Unlike the new Retina models—where everything is fixed into place, and where you must make decisions on what you'll need down the road at point of purchase—the regular MacBook Pros of both sizes can be customized with do-it-yourself parts, just like their predecessors. With both the 13- and the 15-inch versions, you can easily replace the hard drive and RAM at any point.

Your choice between the 13-inch and the 15-inch models depends on the strength of your arms and back, your need for screen real estate, your taste for higher resolution visuals, and your budget. Pricing from the previous models has stayed the same: The new 13-inch base models are $1199 and $1499, while the new 15-inch base models are $1799 and $2199. In comparison, the new Retina MacBook Pros start at $2199 and $2799.

Size and weight concerns

The first thing that stands out about the 15-inch MacBook Pro is its size and weight. It's less than an inch thick, but its dimensions and heft more than compensate for its svelte frame: It measures 14.35 inches by 9.82 inches, and at 5.6 pounds—at least by today's MacBook Air and iPad standards—it is a humongous beast. Or, to be precise, it’s an absolutely gorgeous, powerful hunk of anodized aluminum that can easily serve as a desktop model, should you choose to attach a Thunderbolt display to it.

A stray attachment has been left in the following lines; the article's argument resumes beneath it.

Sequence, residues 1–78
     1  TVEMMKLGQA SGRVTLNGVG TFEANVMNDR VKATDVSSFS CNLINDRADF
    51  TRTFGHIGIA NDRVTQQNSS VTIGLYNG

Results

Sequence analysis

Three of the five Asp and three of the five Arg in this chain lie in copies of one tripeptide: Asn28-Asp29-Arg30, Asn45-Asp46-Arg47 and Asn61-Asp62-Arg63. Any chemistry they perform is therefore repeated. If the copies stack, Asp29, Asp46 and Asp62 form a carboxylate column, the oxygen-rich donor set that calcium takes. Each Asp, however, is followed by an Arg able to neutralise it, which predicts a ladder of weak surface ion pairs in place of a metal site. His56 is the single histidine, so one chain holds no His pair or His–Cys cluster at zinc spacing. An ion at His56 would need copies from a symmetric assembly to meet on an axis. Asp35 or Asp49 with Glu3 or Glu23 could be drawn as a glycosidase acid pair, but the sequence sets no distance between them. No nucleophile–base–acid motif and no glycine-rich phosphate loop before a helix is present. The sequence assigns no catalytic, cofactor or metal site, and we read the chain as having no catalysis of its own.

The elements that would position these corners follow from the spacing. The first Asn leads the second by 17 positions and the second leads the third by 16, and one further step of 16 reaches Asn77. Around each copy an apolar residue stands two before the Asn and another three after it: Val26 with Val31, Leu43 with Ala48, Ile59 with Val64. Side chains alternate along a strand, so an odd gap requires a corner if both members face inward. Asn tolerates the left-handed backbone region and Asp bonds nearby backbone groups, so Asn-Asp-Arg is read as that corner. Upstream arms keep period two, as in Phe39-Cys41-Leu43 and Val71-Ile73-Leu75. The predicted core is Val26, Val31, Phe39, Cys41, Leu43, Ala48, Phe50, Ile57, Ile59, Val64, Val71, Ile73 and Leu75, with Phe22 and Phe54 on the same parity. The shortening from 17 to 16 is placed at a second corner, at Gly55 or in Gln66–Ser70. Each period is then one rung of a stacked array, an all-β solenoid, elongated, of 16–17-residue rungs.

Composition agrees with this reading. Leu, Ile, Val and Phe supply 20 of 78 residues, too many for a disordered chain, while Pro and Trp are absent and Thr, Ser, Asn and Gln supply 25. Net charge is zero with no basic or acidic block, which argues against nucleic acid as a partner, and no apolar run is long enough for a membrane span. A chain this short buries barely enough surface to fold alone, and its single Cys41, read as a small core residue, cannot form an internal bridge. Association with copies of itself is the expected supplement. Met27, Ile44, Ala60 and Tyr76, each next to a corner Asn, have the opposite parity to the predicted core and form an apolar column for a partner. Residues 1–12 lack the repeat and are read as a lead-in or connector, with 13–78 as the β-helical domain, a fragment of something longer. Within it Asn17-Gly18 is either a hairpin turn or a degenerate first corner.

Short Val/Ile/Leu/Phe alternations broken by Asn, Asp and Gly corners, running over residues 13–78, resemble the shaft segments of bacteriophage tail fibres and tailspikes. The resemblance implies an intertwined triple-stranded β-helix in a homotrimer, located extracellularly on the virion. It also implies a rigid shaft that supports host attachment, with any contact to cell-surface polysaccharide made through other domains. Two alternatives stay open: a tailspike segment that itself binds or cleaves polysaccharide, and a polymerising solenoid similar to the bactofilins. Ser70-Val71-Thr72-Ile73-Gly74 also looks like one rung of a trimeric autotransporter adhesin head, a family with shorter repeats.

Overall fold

The 13-inch model, at a little more than a pound lighter, is still a substantial, solidly packed 12.78 by 8.94-inch aluminum slab of computing goodness. But its compact dimensions and lighter frame will make a huge difference if you plan to tote your laptop around on a regular basis. I was not especially bothered by the weight of the 13-inch model, slipped into my backpack, in the long trek from my office to an event, and then to the train station, followed by a nine-block walk. The same journey with the 15-inch model was a much different story.

Also, when using either model in comparison to, say, the MacBook Air, it helps to be thick-wristed. I had to make adjustments in my typing position to accommodate both the thickness and the squared-off edge of the case. The wedge form factor of the MacBook Airs ease pressure on people's sensitive wrists, and that's nearly as important a comfort issue as weight, screen resolution, noise, and heat.

One reason for the extra weight is the presence of a traditional hard drive. Spinning, platter-based drives have an advantage in capacity and price, but they’re also slower and heavier than the flash-based storage present in the Air and in the Retina MacBook Pro. Apple uses its slowest hard drive speed—5400 rpm—as the default offering in its new models.

Nonetheless, both the 15-inch and 13-inch models felt sturdy and well-balanced as I walked with them open—everyone does that from time to time to avoid putting the computer to sleep when switching rooms or going to a colleague's desk or a meeting.